Artigo em Inglês | MEDLINE | ID: mdl-34113623

RESUMO

The interfaces that biological tissues form with biomaterials are invariably defective and frequently the location where failure initiates. Characterizing the phenomena that lead to failure is confounded by several factors including heterogeneous material/tissue interfaces. To seamlessly analyze across these diverse structures presents a wealth of analytical challenges. This study aims to develop a molecular-level understanding of a peptide-functionalized adhesive/collagen hybrid biomaterial using Raman spectroscopy combined with chemometrics approach. An engineered hydroxyapatite-binding peptide (HABP) was copolymerized in dentin adhesive and dentin was demineralized to provide collagen matrices that were partially infiltrated with the peptide-functionalized adhesive. Partial infiltration led to pockets of exposed collagen-a condition that simulates defects in adhesive/dentin interfaces. The spectroscopic results indicate that co-polymerizable HABP tethered to the adhesive promoted remineralization of the defects. The spatial distribution of collagen, adhesive, and mineral as well as crystallinity of the mineral across this heterogeneous material/tissue interface was determined using micro-Raman spectroscopy combined with chemometrics approach. The success of this combined approach in the characterization of material/tissue interfaces stems from its ability to extract quality parameters that are related to the essential and relevant portions of the spectral data, after filtering out noise and non-relevant information. This ability is critical when it is not possible to separate components for analysis such as investigations focused on, in situ chemical characterization of interfaces. Extracting essential information from complex bio/material interfaces using data driven approaches will improve our understanding of heterogeneous material/tissue interfaces. This understanding will allow us to identify key parameters within the interfacial micro-environment that should be harnessed to develop durable biomaterials.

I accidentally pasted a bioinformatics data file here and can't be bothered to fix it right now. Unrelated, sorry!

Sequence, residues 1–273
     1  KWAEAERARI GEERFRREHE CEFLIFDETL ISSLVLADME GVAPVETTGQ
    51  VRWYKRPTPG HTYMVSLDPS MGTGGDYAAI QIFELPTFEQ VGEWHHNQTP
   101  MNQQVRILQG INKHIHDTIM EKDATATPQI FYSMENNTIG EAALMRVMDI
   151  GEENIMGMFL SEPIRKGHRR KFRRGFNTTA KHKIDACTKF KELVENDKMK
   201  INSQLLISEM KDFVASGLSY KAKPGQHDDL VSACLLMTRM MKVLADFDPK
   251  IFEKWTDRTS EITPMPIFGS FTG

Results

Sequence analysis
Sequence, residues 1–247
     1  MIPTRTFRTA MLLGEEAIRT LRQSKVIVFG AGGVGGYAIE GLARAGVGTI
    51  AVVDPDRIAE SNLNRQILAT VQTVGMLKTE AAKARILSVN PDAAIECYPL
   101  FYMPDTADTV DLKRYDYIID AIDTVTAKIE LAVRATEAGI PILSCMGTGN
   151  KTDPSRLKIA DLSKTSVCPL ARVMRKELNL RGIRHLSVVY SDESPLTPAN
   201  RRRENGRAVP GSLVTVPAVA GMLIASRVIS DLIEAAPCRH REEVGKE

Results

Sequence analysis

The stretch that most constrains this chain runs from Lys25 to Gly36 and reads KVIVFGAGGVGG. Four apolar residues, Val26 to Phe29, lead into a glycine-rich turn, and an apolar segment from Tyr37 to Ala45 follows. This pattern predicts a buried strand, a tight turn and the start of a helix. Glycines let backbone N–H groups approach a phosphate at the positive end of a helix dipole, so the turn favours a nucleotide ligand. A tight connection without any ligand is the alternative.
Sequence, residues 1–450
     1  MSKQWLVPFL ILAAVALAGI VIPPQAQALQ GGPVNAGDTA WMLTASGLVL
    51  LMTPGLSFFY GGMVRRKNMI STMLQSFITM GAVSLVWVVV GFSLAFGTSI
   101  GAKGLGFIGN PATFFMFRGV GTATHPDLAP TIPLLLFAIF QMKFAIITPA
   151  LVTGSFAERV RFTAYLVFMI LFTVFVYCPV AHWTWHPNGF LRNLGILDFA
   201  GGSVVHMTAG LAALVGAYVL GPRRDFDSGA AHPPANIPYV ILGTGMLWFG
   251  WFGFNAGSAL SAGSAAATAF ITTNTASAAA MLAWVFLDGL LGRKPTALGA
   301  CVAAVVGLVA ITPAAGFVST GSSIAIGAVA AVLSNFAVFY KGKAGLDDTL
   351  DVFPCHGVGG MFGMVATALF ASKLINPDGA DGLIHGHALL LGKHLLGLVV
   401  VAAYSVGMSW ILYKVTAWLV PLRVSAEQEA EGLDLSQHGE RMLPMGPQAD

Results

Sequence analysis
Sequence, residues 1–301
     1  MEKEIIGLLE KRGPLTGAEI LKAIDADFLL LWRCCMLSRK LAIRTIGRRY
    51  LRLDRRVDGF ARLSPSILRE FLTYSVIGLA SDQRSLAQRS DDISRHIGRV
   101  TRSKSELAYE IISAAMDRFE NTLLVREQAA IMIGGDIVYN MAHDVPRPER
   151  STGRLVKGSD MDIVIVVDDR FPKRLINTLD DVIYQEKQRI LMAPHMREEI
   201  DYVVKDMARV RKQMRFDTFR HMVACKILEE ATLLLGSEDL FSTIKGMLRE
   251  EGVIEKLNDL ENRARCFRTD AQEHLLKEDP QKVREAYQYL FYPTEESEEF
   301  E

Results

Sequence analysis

4.
Langmuir ; 36(40): 11908-11917, 2020 10 13.
Artigo em Inglês | MEDLINE | ID: mdl-32921059

RESUMO